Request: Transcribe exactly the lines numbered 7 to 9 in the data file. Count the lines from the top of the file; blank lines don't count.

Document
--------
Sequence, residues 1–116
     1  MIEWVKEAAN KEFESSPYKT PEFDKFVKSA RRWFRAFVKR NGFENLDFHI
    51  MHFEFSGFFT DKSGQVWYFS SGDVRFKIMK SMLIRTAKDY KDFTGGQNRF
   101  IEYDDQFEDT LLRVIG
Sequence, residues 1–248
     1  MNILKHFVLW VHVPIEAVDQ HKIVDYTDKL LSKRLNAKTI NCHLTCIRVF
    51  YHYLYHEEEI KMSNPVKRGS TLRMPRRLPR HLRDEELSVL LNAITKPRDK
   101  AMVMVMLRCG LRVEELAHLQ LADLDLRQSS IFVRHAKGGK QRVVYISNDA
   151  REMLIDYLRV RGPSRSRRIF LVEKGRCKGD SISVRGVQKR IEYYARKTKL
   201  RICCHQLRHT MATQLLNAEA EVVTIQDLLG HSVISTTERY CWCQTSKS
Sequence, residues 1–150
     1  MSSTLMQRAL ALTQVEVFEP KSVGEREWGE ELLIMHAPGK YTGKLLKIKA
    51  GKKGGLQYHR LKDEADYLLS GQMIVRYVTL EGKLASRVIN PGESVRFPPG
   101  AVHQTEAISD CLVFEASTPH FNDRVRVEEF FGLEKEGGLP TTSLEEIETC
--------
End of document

    51  YHYLYHEEEI KMSNPVKRGS TLRMPRRLPR HLRDEELSVL LNAITKPRDK
   101  AMVMVMLRCG LRVEELAHLQ LADLDLRQSS IFVRHAKGGK QRVVYISNDA
   151  REMLIDYLRV RGPSRSRRIF LVEKGRCKGD SISVRGVQKR IEYYARKTKL